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Giving back with blankets

Malia Triebold (left) and Natalie Van Dam work on tie blankets to donate to the Shriner’s Hospitals for Children Friday, March 7 in the Somerset High School media center during Polar Daze week. (Photo by Sarah Young) 1 / 3
(From left) Somerset Student Council members Carrie Kulibert, Jon Sullivan and Adam Marty work on blankets to donate to the Shriner’s Hospitals for Children in Minneapolis Friday, March 7 during Polar Daze week at the high school. (Photo by Sarah Young) 2 / 3
Somerset High School counselor Jenna Evenson (left) and senior Meghan Erickson hold blankets and bolts of material in the media center at the high school Friday, March 7. The blankets will be donated to the Shriner’s Hospitals for Children in Minneapolis, a cause close to both Evenson and Erickson. (Photo by Sarah Young) 3 / 3

Somerset High School senior and student council member Meghan Erickson wanted to give back to the Shriner’s Hospitals for Children and she found a way to do it.

National Honor Society and student council members donated time and materials, along with high school counselor Jenna Evenson, to make more than 20 blankets to donate to the Shriner’s Hospital in Minneapolis.

Students gathered in the high school’s media center on Friday, March 7, during Polar Daze week to assemble the tie blankets.

Erickson has spent a lot of time at the Shriner’s Hospital, which specializes in orthopaedics, burn care, spinal cord injury and cleft lip and palate, regardless of a family’s ability to pay.

Erickson had one of her legs amputated when she was six months old thanks to amniotic band syndrome, a condition in utero which cut circulation off to her leg.

According to Wikipedia, amniotic band syndrome “is often difficult to detect before birth as the individual strands (of fibrous amniotic bands) are small and hard to see on ultrasound. Often the bands are detected indirectly because of the constrictions and swelling upon limbs, digits, etc.”

“I’ve had multiple surgeries since I was 1-year-old,” Erickson said. “The care at the Shriner’s Hospital is free for patients and families don’t need insurance. I can see them until I’m 21.”

Erickson has a prosthetic leg and has been fitted for many over the years. She said they also specialize in braces and wheelchairs.

Despite losing her leg at a young age, Erickson has not let that stop her from doing what she wants.

“It hasn’t slowed me down any,” Erickson said.

She participated in high school volleyball for three years, and also trained in Colorado for a couple of years as a member of the U.S. Paralympic Alpine skiing team.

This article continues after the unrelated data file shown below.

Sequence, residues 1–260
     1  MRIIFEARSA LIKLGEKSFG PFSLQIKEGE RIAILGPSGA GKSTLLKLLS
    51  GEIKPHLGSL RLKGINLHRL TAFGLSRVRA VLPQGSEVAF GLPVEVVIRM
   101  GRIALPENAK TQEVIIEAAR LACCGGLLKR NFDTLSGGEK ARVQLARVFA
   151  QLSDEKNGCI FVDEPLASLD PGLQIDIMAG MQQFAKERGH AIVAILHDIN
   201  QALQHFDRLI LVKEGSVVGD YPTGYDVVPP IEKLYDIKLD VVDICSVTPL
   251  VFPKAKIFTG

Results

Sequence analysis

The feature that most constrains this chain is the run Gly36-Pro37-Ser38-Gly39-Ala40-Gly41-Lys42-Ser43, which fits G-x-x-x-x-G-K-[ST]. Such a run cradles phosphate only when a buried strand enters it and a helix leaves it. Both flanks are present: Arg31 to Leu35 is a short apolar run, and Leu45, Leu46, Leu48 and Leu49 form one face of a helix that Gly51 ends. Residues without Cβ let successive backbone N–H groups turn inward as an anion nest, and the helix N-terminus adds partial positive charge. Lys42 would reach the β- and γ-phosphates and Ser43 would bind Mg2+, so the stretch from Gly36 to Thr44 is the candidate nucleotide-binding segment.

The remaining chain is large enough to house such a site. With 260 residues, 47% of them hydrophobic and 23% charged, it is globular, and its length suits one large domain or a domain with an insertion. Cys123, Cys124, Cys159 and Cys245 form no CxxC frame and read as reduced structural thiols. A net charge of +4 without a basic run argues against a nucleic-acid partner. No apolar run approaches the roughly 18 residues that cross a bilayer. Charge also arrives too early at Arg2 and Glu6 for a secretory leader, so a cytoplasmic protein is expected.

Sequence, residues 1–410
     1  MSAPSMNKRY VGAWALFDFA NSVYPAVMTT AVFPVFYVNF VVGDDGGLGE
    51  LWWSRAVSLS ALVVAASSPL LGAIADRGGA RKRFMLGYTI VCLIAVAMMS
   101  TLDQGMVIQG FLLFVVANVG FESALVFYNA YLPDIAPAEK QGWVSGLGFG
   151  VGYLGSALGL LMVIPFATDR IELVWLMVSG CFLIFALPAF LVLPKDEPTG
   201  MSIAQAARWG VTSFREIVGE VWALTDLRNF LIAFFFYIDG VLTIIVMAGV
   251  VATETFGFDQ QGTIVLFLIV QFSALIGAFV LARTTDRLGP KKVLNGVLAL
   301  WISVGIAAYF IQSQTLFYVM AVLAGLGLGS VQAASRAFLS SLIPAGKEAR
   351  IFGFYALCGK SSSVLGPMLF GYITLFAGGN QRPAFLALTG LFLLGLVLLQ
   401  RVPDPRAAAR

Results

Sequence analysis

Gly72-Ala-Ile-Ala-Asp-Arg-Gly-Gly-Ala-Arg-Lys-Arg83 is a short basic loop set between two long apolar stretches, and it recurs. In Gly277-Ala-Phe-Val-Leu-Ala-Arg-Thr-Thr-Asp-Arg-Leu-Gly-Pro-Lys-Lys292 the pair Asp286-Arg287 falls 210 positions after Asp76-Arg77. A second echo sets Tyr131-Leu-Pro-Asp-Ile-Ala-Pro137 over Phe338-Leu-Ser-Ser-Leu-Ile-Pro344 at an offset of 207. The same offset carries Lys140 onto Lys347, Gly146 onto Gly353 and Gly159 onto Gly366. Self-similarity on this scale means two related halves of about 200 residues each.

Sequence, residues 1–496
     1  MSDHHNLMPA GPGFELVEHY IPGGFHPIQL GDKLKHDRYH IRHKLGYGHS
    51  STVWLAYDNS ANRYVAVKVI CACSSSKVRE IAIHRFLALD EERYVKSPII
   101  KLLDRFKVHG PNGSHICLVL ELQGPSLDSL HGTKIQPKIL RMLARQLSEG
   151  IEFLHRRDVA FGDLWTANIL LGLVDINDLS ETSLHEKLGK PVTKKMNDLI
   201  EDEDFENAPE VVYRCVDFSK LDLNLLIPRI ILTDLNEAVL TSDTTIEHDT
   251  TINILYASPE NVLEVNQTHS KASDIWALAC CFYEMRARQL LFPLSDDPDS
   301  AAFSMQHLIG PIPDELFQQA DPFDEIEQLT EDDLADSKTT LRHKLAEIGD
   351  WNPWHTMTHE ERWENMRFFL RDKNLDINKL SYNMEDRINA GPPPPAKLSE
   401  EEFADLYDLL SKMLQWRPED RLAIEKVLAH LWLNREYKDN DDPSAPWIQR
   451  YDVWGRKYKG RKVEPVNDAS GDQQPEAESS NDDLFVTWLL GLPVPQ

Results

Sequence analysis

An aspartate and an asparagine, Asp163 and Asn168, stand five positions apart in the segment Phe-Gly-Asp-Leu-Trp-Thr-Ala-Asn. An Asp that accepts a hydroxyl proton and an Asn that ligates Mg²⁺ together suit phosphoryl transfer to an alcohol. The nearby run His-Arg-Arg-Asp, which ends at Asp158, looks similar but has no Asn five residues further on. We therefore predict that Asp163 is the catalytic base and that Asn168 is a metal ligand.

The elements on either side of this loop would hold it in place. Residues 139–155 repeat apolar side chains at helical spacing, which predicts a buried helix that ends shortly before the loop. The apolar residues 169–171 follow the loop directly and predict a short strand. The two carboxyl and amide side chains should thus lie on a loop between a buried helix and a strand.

“I participated in skiing events at Trollhaugen, but they didn’t have much for competitive adaptive programs,” Erickson said.

According to Erickson, the Shriner’s Hospital is kid-friendly. Patients there often receive toys and comfort items, like blankets, which is why she thought hosting a blanket drive would be a great way to “give back.”

Evenson also holds the Shriner’s Hospital dear to her heart, because her husband spent a lot of time there as well.

“Ms. Evenson’s husband went there as a kid,” Erickson said. “We both have ties and I just wanted to give back something.”

Evenson said her husband is missing his right arm, so she wholeheartedly supported Erickson’s idea and helped make it a reality.

Evenson also said she is thrilled that this year is the first time ever that the Paralympics have been covered extensively on TV. According to Erickson, the Paralympics are always three weeks after the Olympics in the same location.

This year’s Paralympics is especially special to Somerset students: John Oman, Evenson’s husband, is competing in Sochi as a Para Nordic skier.

Sarah Nigbor

Sarah J. Nigbor serves as a regional editor for RiverTown Multimedia, a position she began in April 2017. She joined RiverTown Multimedia in October 2013 as a news reporter for the New Richmond News, before being appointed editor of the Pierce County Herald in Febraury 2015. She graduated from the University of Wisconsin-River Falls with a Bachelor of Fine Arts in Spanish and French in 2001. She completed a minor in journalism in 2004. 

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